(As a side note to the above quote, it should be stated that falconers do not hunt herons as they are a protected species. The above quote was written in the early 1900's. Falconers must comply with all hunting regulations regarding target species, hunting seasons, and daily bag limits. Some states do have a 'let it lay' law, where if your bird does kill a target species that is out of season, or worse, not a huntable animal, the bird may feed on the kill, so there is no waste, but the remaining carcase cannot be made a part of your game bag. Not all states have this law, so residents of each state must be knowledgeable of the particular laws of where you live.)

Bubble Tea

On Saturday I took a road trip and met up with my girlfriend who lives in the Necedah, Wisconsin area (where I used to live) and took her to Madison for the Farmer's Market, and a little gratuitous economic stimulation (shopping).  On my list of things to do while in that college town was to hunt down a place that serves "Bubble Tea" and give it a try.  I heard about this on an NPR show, This American Life.  I asked myself . . . "Self . . . What the heck is Bubble Tea?"  So, the Internet filled me in.

Bubble Tea

The Internet then also helped me find a place where I could explore this libation.  Here is a link to the tea shop I found, and a very nice article about the owners.

Jade Mountain

I chose a black tea with mango.  It was a slushy, cold concoction, sweet, though I'm unsure of where the sweetness came from, as I didn't have to add anything to it.  Floating at the bottom are big, black, squishy tapioca balls.  That's the intriguing part of this drink.  It was tasty!  It was fun!  I'll have to try it again sometime, a different flavor, and maybe next time have some pot stickers.

Tuesday, August 16, 2011

The Migration is On!!

Well . . . at least the observers up at Hawk Ridge in Duluth have started their fall migration raptor count, as of yesterday, August 15.  Here is the link:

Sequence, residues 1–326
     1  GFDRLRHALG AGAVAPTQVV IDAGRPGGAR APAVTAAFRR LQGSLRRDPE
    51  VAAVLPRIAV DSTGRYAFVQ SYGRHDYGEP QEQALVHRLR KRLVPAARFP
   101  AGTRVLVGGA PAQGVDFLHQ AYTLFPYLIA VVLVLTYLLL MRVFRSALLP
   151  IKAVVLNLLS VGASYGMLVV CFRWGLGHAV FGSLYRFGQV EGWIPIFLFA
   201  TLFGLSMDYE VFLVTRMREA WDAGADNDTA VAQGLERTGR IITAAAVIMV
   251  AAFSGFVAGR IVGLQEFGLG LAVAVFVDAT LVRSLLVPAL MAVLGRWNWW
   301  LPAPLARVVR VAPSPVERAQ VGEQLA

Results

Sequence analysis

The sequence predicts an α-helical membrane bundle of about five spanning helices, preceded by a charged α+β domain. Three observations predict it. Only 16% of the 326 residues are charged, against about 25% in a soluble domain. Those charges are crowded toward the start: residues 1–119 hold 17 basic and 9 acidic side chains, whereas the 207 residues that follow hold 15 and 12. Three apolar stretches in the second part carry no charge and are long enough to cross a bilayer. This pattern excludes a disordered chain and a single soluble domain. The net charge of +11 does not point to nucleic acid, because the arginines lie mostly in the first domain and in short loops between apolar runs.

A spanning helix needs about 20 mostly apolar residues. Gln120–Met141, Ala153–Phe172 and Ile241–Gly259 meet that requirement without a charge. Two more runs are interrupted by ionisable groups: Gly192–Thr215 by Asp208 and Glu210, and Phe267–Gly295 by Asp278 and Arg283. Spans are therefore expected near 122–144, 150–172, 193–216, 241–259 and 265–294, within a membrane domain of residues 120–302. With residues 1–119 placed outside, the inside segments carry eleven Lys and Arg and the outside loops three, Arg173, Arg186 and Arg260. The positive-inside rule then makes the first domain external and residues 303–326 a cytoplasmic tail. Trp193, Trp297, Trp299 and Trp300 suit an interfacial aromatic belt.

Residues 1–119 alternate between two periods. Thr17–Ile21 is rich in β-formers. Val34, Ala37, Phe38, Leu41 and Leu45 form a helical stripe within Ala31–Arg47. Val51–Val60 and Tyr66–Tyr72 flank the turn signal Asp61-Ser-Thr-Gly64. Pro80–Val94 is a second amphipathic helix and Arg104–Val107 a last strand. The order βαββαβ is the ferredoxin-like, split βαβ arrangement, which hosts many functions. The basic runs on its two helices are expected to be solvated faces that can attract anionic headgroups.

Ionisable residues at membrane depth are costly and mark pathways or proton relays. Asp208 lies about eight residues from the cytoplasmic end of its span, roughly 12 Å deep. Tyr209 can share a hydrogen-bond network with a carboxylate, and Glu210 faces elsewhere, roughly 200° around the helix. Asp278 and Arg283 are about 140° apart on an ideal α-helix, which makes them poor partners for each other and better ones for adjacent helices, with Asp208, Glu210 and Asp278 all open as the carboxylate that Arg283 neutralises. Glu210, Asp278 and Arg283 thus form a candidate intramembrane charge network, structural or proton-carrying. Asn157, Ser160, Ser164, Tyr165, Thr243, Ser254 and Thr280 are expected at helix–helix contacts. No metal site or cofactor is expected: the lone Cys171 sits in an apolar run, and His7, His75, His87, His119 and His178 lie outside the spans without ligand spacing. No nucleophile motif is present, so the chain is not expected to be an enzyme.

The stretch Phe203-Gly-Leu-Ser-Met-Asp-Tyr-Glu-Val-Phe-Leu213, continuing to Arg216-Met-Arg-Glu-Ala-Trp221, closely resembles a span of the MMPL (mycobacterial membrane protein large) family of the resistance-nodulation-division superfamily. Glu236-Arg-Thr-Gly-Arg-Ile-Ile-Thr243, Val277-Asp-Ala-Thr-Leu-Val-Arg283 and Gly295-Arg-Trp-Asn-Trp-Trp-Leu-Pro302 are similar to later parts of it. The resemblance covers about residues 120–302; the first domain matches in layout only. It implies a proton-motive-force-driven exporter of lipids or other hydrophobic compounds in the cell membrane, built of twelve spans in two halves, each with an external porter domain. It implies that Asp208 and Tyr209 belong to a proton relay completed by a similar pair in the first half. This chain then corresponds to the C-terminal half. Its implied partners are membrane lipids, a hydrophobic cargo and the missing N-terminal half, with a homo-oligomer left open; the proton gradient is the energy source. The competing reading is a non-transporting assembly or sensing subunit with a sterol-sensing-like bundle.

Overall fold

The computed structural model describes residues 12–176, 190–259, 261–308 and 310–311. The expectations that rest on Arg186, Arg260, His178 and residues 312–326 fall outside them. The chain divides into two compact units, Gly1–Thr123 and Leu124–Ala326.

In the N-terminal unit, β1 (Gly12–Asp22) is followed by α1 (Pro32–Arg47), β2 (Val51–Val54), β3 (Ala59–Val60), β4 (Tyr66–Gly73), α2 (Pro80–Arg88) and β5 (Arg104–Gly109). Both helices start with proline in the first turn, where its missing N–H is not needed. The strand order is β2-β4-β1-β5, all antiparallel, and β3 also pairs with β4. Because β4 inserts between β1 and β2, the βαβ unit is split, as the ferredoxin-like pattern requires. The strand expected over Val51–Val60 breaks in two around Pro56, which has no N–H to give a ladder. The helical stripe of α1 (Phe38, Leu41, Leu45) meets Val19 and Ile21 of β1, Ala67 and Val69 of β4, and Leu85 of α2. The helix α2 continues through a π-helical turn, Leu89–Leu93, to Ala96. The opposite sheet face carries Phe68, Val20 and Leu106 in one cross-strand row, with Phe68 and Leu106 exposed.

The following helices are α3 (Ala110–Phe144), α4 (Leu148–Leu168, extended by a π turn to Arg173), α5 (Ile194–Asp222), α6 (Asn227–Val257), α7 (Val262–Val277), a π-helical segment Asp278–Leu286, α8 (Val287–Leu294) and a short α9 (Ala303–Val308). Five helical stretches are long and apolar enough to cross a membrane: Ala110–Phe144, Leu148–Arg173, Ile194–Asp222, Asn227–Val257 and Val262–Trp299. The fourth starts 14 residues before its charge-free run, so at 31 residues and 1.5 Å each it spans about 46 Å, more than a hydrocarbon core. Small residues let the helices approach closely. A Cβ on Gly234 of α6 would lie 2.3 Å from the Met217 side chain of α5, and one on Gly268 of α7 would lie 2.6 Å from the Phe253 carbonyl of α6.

Hawk Count

And look . . . one Red Tailed Hawk, two Kestrels, and two Merlins for the first day!

I'll be following this site for the next few months, as we gear up to get out there and start trapping for the next falconry season.

Sunday, August 7, 2011

Another Artist

The picture above is a terribly nice close-up of my last Red-Tailed Hawk, Bailey.  Last year we went hunting in Rochester along with two ladies, both artists, who also work in photography.  One of these two ladies, Amber Hill, was kind enough to allow me to place her picture here on my blog.  I just love the exquisite details of this picture!  Click one more time on the picture for an even more close up view.

Amber is a graphic artist whose creative work is inspired by nature.  You can view her work at this link:

Artist Amber Hill

Saturday, August 6, 2011

Well Here's a Cool Site!

In my quest to come to understand how to identify passage Merlins from haggard (adult) Merlins I found the following site. Kinda cool!

Feather ID

Of course, this comes with the disclaimer that all native bird species are protected, and to possess even their molted feathers is illegal.  Falconers are allowed to keep the feathers from their legally acquired and kept under permit birds, so we may use those molted feathers to repair (imp) any broken feathers on that bird, or future birds we may have under our permit.

Tuesday, August 2, 2011


I have an interest in trying to trap a Merlin (Falco columbarius) for this upcoming falconry season. I'm not letting it be a driving interest, as in seeking out a trapping location up in Duluth, or driving out west for a couple weeks, but a mild interest. I'm trying to secure a location along the bluffs next to the Mississippi River to set up a trapping station, for both Red Tailed hawks, but also Merlins could be caught on migration. I've been seeking out information to assist in identifying this middle-sized falcon. Knowing that the bird in my hand is a Merlin is not a problem. Knowing what sex it is, a little harder, but do-able. Knowing if it is a juvenile . . . there is the problem! Juvenile and Adult Female Merlins are very closely feathered. I've found some resources . . . now I just need to arrange to put myself where I could possibly catch one. After some effort, if I am unsuccessful at catching a passage Merlin, I'll go for a kestrel. I feel fairly comfortable in my ability to sex these smallest of falcons.

Here are a couple really nice video links I found while searching for information. Those who love raptors . . . and that pretty much includes just about anyone that comes to this blog . . . will appreciate these very well made natural observations of Merlins.

ARKive video - Merlin - overview

ARKive video - Merlin raising chicks